Ashley Barton, Roger Williams University

Ashley BartonAshley Barton is a senior Legal Studies major at Roger Williams University who has worked tirelessly on the Scholars at Risk (SAR) initiative—most notably on the case of Uyghur scholar Ilham Tohti. During her tenure, Ashley has engaged in discussions with high-level officials in the State Department, many members of Congress, and key voices in the NGO community. She has been instrumental in researching, drafting reports,and presenting results to the campus community and to SAR. A devoted supporter of Ilham’s college age daughter, Ashley has worked closely with a faculty member to edit a book-length interview with Jewher that will be published by the University of New Orleans Press. Over time, Ashley has raised herself out of an apprentice status, and into one of a colleague that SAR and her cooperating faculty member can call on for help with projects, as evidenced by her behind-the-scenes leadership in helping to create SAR’s #freedom2think international awareness campaign–something she will represent during a joint RWU-SAR poster session that was selected by a jury for the NAFSA: Association of International Educators conference. Ashley not only exemplifies the core values of Roger Williams University, but the mission of the Newman Civic Fellows Award in both letter and spirit.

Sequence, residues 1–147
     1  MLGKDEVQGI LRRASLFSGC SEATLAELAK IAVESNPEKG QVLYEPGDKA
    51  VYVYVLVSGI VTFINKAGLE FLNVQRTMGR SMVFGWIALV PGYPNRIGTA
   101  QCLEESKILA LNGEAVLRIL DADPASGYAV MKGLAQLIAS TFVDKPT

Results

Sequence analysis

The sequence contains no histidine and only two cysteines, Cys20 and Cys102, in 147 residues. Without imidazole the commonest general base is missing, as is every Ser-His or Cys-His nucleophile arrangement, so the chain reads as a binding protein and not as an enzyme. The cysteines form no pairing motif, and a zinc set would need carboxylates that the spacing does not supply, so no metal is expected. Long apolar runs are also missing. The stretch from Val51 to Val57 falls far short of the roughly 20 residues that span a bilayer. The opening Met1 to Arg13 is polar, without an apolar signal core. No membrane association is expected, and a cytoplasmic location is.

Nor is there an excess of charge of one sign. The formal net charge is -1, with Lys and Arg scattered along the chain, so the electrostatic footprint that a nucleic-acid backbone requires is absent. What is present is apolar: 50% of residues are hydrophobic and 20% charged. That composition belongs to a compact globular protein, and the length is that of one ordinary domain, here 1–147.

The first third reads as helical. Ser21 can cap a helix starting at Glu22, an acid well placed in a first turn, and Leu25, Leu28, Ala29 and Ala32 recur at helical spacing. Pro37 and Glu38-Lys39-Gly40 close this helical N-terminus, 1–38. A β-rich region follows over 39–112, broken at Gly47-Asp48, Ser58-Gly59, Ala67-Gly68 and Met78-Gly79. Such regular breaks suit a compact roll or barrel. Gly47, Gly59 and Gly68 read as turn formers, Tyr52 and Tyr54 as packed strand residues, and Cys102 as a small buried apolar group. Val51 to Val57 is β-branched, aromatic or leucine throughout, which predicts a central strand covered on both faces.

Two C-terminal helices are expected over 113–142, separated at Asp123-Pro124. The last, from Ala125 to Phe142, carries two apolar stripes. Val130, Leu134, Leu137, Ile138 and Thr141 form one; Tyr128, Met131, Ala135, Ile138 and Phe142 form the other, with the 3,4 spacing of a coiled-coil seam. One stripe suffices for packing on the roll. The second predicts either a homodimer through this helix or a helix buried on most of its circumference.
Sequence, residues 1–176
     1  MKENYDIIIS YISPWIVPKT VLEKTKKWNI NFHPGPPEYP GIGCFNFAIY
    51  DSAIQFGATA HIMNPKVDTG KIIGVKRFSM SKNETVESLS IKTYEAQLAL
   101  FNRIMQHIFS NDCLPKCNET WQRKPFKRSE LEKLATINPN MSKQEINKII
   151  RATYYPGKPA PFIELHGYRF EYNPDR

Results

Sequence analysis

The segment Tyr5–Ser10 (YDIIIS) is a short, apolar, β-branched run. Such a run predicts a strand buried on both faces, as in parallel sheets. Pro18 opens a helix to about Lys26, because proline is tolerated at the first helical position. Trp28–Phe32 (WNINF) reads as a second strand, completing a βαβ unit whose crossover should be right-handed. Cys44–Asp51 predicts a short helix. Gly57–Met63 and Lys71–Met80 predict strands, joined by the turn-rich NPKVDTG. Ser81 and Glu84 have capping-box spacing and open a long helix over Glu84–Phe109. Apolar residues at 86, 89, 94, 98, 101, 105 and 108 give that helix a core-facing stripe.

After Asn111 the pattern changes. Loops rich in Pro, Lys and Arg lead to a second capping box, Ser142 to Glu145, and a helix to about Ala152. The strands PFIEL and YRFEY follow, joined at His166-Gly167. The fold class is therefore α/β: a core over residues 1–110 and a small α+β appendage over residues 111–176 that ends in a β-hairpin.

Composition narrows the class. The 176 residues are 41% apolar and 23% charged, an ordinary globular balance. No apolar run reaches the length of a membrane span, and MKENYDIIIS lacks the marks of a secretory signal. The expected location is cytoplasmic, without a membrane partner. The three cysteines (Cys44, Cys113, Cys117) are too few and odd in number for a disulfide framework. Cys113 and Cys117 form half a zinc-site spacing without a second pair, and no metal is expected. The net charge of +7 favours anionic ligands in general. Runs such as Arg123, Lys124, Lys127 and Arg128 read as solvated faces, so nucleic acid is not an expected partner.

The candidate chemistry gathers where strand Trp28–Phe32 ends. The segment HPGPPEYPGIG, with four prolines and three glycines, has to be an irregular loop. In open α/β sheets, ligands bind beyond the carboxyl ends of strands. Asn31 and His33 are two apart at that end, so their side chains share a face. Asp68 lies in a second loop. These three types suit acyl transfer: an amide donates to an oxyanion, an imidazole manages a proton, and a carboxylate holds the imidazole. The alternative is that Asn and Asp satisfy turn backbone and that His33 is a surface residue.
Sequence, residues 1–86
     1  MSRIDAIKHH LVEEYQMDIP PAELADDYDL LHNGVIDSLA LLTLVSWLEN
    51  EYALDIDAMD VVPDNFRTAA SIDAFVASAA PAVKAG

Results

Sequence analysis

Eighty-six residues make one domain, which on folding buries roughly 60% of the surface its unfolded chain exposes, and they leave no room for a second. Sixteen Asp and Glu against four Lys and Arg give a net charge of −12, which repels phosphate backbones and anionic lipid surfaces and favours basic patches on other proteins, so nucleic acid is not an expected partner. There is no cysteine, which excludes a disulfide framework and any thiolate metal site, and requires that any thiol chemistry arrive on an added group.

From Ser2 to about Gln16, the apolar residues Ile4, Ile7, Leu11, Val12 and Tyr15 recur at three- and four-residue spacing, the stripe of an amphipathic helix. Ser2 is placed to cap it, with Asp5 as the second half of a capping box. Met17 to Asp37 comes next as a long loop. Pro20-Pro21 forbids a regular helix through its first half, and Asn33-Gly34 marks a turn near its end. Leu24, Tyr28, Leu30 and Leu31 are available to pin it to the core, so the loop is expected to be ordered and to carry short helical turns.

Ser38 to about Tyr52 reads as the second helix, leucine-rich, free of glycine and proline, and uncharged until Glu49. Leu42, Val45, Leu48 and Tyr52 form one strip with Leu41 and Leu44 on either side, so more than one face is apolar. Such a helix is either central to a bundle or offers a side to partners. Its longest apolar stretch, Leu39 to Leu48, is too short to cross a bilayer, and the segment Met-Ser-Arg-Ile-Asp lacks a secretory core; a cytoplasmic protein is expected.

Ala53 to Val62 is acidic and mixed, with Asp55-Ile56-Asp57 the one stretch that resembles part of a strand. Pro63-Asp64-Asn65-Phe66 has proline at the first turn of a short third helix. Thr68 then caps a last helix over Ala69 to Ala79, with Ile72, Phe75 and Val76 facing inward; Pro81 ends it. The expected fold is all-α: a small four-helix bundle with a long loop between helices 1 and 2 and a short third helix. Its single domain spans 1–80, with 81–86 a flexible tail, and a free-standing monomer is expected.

-Donald Farish, President

Through my studies as a pre-law and creative writing double major, I have discovered the connection between social justice and the spoken word. Without freedom of speech or expression we cannot progress as a community, nation, or world. Things do not change unless we speak about changing them, and that is why I have spent the last two years advocating assiduously for protection of these freedoms. Domestically, the platform for freedom of speech and expression is there, but only a fraction of our community members utilize it. My goal is to remind students, professionals, and the rest of our community that this platform exists. I have worked with our legislature to pressure other countries to uphold Articles 18 and 19 of the United Nations’ International Declaration of Human Rights, I have been integral in a Turkish woman’s release from a two-year unlawful detainment, and I have worked with Scholars at Risk to promote academic freedom. I have done these things not solely for the individual I am helping but to remind the community that using peaceful dialogue to create change is welcomed in this country and that forgetting its availability is as shameful as the foreign governments that restrict it.  
-Ashley Barton